Al Filreis

daughter is to dad as beach is to mountains

Each May, as the families of undergrad seniors come to Philly for their kids' commencement, we hold a celebration to honor a group of students who have been closely--sometimes very closely--affiliated with the Writers House. This year's "senior capstone event" honored 12 seniors.

three young fiction writers

Michael Hyde, Courtney Zoffness, and Laura Dave each read from their fiction on Alumni Day at the Writers House, May 12, 2007.

writing about 9/11

Greg Manning came to the Writers House in September 2006, almost exactly five years later, to discuss writing about his and his wife's experiences during and after the 9/11 attacks on the World Trade Center.

Rosanne Cash

The first Blutt Singer-Songwriter Symposium at the Kelly Writers House featured Rosanne Cash. The event took place on April 12. Anthony DeCurtis moderated a Q&A; with Rosanne, and she played several of her songs (guitar and voice only--what a treat), including a favorite of mine, "Black Cadillac." The session was recorded and audio is available for free download (right-click on the link above). The July/August 2007 issue of the Pennsylvania Gazette includes a good article about the program. Rosanne will be a hard act to follow, as it were, but we'll be hosting another singer-songwriter symposium next spring. The photo here is of Sam Preston, Penn's eminent demographer and former dean (and avid songwriter himself), with Rosanne after a wonderful celebratory dinner in the Writers House dining room.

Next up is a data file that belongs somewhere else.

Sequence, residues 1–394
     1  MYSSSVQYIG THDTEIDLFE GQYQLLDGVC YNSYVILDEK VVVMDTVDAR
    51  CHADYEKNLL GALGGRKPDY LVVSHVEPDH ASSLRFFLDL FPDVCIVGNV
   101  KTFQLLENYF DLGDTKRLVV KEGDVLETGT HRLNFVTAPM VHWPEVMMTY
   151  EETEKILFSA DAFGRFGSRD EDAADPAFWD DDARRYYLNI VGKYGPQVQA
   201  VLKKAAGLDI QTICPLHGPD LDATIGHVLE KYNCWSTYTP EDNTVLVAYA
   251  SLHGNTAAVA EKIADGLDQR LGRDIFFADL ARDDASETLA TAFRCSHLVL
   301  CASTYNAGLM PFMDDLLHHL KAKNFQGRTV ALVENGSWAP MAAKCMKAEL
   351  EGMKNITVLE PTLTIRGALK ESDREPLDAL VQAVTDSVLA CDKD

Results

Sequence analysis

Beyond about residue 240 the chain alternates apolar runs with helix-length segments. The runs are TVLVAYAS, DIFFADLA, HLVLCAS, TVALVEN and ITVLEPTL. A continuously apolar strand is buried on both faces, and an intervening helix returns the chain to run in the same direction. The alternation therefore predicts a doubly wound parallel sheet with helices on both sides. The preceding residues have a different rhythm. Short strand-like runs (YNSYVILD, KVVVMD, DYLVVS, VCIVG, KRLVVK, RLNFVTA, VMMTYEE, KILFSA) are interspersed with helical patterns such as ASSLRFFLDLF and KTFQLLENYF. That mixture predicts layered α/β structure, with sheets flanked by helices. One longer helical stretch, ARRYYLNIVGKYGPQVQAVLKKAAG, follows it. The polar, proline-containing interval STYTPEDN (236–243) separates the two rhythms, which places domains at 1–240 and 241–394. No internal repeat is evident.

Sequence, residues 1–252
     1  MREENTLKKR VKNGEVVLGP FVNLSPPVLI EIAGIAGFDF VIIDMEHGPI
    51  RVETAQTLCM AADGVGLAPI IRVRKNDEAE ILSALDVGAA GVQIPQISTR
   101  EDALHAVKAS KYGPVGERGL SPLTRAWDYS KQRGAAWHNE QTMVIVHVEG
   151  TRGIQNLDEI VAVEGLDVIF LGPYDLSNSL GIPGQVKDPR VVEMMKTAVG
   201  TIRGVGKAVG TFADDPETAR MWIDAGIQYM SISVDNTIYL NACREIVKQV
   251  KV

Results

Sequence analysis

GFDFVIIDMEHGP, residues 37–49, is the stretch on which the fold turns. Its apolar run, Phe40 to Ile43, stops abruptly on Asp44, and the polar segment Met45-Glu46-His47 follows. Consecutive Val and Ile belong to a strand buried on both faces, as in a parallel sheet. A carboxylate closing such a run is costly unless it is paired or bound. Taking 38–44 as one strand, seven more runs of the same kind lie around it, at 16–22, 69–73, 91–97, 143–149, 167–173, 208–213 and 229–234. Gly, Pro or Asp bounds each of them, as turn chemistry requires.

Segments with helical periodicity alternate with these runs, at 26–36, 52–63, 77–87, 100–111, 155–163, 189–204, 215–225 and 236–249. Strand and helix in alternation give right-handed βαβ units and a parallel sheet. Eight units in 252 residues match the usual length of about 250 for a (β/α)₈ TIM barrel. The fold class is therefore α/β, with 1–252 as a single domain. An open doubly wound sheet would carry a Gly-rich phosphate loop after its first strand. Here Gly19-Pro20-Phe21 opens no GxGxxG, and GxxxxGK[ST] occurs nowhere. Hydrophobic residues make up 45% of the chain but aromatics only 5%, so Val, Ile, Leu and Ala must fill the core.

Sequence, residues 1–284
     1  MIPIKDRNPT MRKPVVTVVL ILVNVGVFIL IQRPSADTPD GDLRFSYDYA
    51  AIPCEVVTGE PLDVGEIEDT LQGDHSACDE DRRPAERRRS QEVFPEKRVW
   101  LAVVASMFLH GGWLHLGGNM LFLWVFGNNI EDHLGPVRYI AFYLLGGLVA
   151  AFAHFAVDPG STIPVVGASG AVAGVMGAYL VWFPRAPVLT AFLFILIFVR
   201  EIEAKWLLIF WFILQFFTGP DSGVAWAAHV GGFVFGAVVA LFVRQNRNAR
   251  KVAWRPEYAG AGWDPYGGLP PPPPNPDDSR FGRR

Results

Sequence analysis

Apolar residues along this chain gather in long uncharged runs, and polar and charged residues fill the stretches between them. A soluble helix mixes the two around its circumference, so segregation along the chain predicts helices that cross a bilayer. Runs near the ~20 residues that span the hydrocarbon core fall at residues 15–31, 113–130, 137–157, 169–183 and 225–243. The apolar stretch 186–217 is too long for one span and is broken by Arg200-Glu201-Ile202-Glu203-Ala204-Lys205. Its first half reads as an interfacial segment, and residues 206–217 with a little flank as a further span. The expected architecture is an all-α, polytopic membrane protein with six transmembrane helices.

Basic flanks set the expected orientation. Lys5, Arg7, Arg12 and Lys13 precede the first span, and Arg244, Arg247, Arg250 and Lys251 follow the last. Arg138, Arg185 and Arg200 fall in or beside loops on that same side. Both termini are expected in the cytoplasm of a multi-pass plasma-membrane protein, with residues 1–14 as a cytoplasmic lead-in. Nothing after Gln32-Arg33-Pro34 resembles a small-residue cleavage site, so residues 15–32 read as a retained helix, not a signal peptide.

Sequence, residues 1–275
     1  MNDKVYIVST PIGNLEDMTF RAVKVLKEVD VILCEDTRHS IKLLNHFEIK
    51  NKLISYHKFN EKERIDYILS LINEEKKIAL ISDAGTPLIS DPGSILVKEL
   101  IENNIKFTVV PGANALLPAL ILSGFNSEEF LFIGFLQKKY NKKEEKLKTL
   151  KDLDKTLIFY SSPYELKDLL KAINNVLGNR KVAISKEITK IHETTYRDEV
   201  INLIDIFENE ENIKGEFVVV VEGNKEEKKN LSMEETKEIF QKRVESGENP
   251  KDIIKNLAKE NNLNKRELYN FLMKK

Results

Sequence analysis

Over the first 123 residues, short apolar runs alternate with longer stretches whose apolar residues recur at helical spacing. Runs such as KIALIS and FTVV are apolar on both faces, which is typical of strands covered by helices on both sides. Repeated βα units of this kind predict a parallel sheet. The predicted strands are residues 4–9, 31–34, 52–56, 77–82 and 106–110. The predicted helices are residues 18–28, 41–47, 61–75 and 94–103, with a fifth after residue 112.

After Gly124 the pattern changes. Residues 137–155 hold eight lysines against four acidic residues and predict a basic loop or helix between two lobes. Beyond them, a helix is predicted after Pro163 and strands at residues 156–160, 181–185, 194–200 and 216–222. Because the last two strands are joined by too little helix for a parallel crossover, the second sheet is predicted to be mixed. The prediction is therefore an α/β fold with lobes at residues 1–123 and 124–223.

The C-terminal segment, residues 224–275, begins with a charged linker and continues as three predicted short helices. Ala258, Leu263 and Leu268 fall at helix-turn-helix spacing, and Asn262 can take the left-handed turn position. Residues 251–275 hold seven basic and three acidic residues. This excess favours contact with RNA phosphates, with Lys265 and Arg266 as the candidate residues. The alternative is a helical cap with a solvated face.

Finding Stevens along dream streets

Melanie Almeder's poems

Melanie Almeder has a new book of poems out, On Dream Street. "La Pluie," a poem written "after Marc Chagall," is in the Wallace Stevens idiom: "The only green thing: the tree at the center, / bent by the pull of wind in the frail sails of its blossoms." I'd say Almeder is not a Stevensian poet overall: she believes in natural description and doesn't dwell on abstractions as lovely in themselves. But she's got the Stevens phrasing here and there and it's personally gratifying to me that she does. Why? Because I taught her, not at Penn as a member of the faculty--but at Virginia when I was there teaching as a doctoral student. Melanie was even then--as a freshman--a fine writer and a great student. And I recall that in class (although it was supposed to be a composition class of sorts) I read aloud from Stevens' poetry semi-obsessively. The book is published by Tupelo.